If the Muscogee County School Board approves the superintendent’s recommendation, two schools will merge to create a first-of-its kind educational institution in the state.
The board is expected to vote on the recommendation during its Feb. 18 meeting, which will start at 6 p.m. The merger would take effect in time for the 2019-20 school year.
The Jordan High School College and Career Academy would be Georgia’s first “wall-to-wall” college and career academy, Jordan principal Craig Fitts told the board. Although the state has 47 college and career academies since the concept’s inception eight years ago, including ones in Chattahoochee and Troup counties (Harris County is planning one), Jordan would be the first to include the entire school. So instead of it being a magnet program within the school, all of the students attending Jordan would be in the academy.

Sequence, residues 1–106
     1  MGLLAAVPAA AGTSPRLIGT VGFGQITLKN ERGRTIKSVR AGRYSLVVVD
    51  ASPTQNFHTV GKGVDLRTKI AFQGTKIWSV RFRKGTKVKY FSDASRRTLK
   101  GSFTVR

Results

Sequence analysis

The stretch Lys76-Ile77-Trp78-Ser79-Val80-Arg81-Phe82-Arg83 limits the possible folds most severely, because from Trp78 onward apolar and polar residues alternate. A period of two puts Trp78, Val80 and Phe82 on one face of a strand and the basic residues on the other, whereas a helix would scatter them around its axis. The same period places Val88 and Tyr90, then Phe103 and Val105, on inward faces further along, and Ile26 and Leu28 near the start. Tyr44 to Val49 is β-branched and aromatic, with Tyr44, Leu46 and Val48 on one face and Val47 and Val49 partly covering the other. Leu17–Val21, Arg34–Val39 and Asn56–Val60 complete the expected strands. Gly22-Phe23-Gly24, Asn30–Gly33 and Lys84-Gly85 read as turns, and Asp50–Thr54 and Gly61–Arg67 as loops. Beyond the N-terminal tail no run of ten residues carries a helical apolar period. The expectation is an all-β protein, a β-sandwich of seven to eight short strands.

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As defined by Georgia Senate Bill 161, which then-Gov. Nathan Deal signed in 2011, a college and career academy is a “specialized charter school established by a partnership which demonstrates a collaboration between business, industry and community stakeholders to advance workforce development between one or more local board of education, a private individual, a private organization or a state or local public entity in cooperation with one or more postsecondary institutions.”
Lewis explained to the board his rationale for the recommendation.